Another week in Uganda has passed. It was a nice week over all. This week we were taken care of in a lot of different ways.
But before I tell you about our experiences teaching, it’s story time as always. :)
I don’t have any crazy stories but I have two stories that are kind of cool. One of my favorite foods for breakfast while living at home was biscuits and gravy. Since I have been on my mission, I haven’t had them at all. I have missed warm soft biscuits. SO this week I decided that I was going to learn how to make good biscuits. So I kept trying and trying and trying to make them. Every time they would come out of the oven like hard baseballs.
Well after a few attempts and a lot of wasted flour, I finally got it down! I now make amazing homemade biscuits. They impress even me! Of course I must remember that I haven’t had any biscuits in such a long time my taste buds may be deficient. But they are just perfect--a nice golden, crispy outside with a fluffy soft inside.
Story number two: So in Uganda and especially in Jinja, fish is extremely inexpensive. The reason is the River Nile starts in Jinja. I decided since fish is plentiful, I should learn to cook fish. I bought a fish. It still had all of its parts, so I plan to gut it. Then I am going to slice onions and lemons into discs and put them inside the fish and sprinkle some random spices as well. I will then bake the fish whole. (I am thinking of the most recent Spiderman movie.) I will be sure and take some pictures of my first experience cooking a fish.
Now let’s talk about the important stuff because we are not really here to learn about food. Although I have to admit good food is nice.
As I said earlier, this week was a good one. I want to start with Sunday. In the Jinja Zone, there are some people that haven’t come to church for a very long time. My companion and I had decided that we would try to focus on one or two people encouraging them to come to church. One of the people that we chose was Celine.
We chose Celine because her husband and daughter come to church every single week. We wanted to see them go to church as a family. We decided to walk to their home on Sunday morning and then walk to church with them. (We had invited Celine to attend church with us earlier in the week.) They live a long way from the church (about 1.5 hours). We started walking from our house around 7:00 a.m.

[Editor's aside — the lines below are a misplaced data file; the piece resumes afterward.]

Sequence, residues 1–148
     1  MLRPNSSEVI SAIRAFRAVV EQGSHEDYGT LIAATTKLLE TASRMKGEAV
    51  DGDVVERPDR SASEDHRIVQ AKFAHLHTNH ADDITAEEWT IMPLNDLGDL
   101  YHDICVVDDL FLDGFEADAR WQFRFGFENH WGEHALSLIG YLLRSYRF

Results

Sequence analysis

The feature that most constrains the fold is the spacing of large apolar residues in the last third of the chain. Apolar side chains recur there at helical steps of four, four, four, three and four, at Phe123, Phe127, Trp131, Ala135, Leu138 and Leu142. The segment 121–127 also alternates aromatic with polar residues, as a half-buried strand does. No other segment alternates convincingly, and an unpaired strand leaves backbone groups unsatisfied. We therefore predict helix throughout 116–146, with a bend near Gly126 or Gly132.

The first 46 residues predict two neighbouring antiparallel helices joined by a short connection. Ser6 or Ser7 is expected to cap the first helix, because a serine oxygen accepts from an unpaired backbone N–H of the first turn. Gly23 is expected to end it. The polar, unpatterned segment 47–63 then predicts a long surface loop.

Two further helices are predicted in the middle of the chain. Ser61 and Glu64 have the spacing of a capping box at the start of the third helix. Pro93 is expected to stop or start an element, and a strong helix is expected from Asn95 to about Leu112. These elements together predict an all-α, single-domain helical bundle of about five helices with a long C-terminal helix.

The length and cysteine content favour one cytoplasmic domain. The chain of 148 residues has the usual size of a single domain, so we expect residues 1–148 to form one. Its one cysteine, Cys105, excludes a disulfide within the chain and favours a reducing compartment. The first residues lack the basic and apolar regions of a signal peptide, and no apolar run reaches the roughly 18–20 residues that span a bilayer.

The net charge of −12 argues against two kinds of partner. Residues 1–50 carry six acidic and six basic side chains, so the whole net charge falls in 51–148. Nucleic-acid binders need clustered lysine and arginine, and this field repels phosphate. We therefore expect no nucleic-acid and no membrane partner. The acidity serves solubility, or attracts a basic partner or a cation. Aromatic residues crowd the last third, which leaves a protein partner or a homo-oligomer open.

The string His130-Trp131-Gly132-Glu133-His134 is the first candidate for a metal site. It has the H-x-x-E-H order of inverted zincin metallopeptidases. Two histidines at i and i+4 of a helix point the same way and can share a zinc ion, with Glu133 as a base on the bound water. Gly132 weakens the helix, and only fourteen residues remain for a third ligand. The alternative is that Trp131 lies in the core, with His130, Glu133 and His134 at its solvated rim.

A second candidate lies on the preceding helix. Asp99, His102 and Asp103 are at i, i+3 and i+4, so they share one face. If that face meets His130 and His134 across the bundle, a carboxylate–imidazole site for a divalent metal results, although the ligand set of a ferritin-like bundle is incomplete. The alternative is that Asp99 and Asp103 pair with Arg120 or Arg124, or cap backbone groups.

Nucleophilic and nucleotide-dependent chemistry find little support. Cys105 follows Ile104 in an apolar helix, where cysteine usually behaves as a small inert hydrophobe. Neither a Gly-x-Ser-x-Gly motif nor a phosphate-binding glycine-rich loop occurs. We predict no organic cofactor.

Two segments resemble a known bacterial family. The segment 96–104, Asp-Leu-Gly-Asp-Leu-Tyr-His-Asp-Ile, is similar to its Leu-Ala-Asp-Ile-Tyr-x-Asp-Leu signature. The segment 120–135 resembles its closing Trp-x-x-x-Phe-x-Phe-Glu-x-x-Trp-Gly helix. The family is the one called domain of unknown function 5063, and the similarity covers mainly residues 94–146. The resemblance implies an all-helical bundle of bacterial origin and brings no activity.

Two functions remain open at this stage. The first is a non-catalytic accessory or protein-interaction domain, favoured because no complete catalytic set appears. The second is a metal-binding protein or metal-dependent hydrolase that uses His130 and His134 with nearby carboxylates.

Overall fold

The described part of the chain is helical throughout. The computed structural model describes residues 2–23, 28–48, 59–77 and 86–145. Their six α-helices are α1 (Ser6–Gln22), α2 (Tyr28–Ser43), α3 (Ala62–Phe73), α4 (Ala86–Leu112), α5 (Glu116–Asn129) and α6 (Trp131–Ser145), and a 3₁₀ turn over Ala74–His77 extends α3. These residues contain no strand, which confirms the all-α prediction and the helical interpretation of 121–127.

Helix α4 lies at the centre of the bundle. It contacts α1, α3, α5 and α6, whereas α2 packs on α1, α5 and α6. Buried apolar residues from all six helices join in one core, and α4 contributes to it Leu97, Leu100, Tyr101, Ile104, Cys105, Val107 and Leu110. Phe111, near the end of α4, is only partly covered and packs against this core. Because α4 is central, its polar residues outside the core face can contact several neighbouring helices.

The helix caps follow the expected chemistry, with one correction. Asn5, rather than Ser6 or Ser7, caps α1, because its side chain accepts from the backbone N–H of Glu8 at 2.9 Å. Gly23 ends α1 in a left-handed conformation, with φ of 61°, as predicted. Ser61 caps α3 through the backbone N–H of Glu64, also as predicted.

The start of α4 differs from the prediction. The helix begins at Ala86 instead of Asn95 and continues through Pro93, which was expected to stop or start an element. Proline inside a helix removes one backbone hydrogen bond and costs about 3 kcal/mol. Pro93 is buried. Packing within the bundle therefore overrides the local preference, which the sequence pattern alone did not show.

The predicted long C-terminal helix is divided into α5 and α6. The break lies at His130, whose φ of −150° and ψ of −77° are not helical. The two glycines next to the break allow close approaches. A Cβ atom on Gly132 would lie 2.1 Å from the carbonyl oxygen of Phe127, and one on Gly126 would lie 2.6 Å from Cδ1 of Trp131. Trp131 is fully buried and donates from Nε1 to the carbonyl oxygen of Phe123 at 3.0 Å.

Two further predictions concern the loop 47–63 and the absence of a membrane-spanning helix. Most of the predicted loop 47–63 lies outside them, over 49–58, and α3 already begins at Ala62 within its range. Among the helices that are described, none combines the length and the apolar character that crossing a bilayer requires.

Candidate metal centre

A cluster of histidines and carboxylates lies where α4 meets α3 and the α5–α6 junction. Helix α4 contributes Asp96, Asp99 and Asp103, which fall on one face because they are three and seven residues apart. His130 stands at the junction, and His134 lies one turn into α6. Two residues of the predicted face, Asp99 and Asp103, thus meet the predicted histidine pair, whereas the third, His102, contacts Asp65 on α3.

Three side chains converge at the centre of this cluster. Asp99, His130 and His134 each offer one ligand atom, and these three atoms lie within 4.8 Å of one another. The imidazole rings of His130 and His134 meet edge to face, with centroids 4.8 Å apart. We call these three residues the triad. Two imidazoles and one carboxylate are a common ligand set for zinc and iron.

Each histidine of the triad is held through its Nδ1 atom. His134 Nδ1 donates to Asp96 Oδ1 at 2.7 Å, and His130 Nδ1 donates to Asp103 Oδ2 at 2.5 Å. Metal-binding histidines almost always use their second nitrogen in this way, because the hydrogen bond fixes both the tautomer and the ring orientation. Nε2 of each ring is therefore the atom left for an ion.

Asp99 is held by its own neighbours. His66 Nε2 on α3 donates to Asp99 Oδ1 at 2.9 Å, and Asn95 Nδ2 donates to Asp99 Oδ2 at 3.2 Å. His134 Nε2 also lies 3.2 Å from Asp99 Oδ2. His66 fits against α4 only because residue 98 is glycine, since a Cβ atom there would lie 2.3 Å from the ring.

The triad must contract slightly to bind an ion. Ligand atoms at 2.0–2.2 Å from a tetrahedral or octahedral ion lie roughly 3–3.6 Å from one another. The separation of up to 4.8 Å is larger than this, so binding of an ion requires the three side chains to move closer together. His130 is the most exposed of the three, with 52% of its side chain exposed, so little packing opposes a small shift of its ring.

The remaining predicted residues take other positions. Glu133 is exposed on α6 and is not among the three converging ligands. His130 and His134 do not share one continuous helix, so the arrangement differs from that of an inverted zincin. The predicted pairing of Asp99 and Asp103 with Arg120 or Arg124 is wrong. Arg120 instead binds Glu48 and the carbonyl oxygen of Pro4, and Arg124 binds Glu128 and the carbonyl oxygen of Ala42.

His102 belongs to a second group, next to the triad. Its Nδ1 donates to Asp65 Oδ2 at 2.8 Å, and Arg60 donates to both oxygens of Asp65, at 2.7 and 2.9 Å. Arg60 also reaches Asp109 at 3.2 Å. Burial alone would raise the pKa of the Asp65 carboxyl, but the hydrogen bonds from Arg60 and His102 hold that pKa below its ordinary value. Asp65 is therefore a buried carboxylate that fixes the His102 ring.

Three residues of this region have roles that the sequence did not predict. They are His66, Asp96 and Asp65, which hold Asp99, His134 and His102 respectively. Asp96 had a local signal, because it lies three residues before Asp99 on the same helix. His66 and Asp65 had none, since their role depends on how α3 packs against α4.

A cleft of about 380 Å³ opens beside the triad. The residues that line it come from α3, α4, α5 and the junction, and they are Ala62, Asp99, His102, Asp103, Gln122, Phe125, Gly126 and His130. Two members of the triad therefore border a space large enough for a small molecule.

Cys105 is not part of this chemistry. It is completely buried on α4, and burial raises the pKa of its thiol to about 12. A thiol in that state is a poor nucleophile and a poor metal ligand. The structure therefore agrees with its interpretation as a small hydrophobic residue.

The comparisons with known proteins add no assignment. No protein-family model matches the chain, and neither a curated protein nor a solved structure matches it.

The walk felt like forever. When we arrived at their home, the father, Wilson and their daughter, Millicent were there but not Celine. At first, we were disappointed. But we chose to not let it show. We walked with Wilson and Millicent to church. As we were walking, we were stopped by people that would say, “I have wanted to learn about your church. Could you teach me?” or “Hey I was once taught by missionaries. Can you teach me?” This happened over and over again. It was a really cool experience.
We had been working hard to find new investigators and we had found some. But none of them really seemed to have a strong desire to learn about the gospel. At first I didn’t really notice the blessing. But after church, I realized that even though Celine didn't come we were truly blessed. This experience really taught me that we work, the Lord provides in His way.
This Sunday was the best in my mission thus far. It wasn’t because the speakers were great, or the weather was cool or anything like that. But this Sunday, we had a great turn out at church and a lot of investigators came as well. Some of the investigators we had just tracted out earlier that week. The icing on the cake was that they stayed for all three hours! It is common for people to leave after the first hour.
For me the most exciting of these people that we tracted were Julius and Janon. They live together and are from the same village in Lira. (SUPER HOT THERE) On Tuesday, they welcomed us into their home and allowed us to share a message with them. As we shared, there wasn’t anything overwhelming or amazing about it. But they listened, thanked us for the massage and asked us to come back. At the second lesson, we taught them the restoration and about Joseph Smith.
During that lesson, it was just about the same again. No amazing feeling. We wrapped up the lesson and left. When we have lessons like that I usually find that really happens. I guess I’m a doubting Thomas. On Sunday I was happily proven wrong. When they rounded the corner of the church dressed in their best with huge smiles, I burst into a huge grin. I was touched to see them dressed up knowing their humble circumstances. They gave me a warm handshake and continued into church. They listened intently during the meeting with huge smiles on their faces.
William is still coming to church and is progressing. He has really changed his attitude towards the church. He used to despise the church and wasn’t very supportive of his family being members. He now wants to join the church. He is an amazing guy. He will be a great strength to the branch. I’m excited for him. :)
Overall life is good out here. I have been trying to learn how to make the local food lately not because I love it so much or anything like that (laugh out loud). But it would just be cool to share it with everyone back home. For example I am learning to make Kalo, posho, maltoke, lots of sauces, and rolexs for everyone yahoo!!! The one food that is really awesome though is Injera. I can’t make that because I do not have the ingredients. But there is a restaurant in Salt Lake that makes it in case anyone wants to try it out.
Well I’m just about out of time again. I love you all and I really appreciate all your emails. I hope all is well in the land of the free and the home of the brave. :)